This masterpiece of fantasy and architecture is Europe's oldest stock exchange. Børsen was built between 1619 and 1640, with the majority of the construction in the 1620s. Christian IV commissioned the building in large part because he wanted to make Denmark the economic superpower and crossroads of Europe. Rumor has it that when it was being built he was the one who twisted the dragons' tails on the spire that tops the building. When it was first opened, it was used
as a medieval market, filled with shopping stalls. Though parts of Børsen still operate as a stock exchange, the bulk of the building houses the chamber of commerce, and the interior isn't open to the public, except on special occasions such as Culture Night, held in mid-October. Across the canal, look for a square, modern building: the Nationalbanken (Denmark's central bank), designed by the famed Danish designer and architect Arne Jacobsen.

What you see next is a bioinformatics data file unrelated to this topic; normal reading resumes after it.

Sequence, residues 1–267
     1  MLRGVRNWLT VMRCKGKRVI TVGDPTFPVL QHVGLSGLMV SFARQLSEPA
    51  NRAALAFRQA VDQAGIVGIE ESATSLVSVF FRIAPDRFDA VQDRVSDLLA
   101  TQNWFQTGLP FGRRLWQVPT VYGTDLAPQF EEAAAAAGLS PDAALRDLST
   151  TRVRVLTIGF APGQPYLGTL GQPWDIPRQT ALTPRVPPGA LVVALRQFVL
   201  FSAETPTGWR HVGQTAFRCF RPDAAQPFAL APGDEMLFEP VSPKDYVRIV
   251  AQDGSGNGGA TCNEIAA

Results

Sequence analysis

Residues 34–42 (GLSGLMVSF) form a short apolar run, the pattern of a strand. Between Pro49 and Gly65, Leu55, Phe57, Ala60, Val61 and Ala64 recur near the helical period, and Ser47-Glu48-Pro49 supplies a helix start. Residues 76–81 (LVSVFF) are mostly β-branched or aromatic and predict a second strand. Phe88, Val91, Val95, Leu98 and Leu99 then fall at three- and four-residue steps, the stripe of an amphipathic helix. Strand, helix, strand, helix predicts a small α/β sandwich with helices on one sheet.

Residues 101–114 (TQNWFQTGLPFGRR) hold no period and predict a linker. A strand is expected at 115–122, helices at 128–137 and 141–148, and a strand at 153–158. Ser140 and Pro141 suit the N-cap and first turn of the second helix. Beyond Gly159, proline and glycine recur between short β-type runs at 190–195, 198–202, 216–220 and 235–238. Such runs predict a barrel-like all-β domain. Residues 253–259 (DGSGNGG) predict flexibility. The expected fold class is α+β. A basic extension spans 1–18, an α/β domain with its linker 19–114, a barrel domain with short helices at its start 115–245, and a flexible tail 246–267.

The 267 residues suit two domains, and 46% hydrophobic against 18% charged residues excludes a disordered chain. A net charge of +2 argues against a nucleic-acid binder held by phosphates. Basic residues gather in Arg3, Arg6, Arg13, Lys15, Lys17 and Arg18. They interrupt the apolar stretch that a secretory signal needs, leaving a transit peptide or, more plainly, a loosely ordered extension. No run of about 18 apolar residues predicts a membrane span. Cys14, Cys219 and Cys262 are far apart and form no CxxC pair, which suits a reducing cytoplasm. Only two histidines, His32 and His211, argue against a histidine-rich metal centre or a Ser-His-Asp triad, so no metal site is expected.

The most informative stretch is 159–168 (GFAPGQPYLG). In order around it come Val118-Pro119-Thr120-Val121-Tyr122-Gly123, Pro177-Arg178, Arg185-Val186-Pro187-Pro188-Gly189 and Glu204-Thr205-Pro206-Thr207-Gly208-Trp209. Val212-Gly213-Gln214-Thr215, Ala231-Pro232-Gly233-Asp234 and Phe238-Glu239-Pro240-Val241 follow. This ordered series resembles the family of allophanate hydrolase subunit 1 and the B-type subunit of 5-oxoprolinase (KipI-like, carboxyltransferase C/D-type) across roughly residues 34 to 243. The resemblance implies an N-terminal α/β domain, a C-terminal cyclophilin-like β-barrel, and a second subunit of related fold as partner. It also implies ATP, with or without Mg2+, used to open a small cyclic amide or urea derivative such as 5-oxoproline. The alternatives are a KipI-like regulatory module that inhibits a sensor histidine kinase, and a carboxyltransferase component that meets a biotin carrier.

Børsgade 1, Copenhagen, 1215, Denmark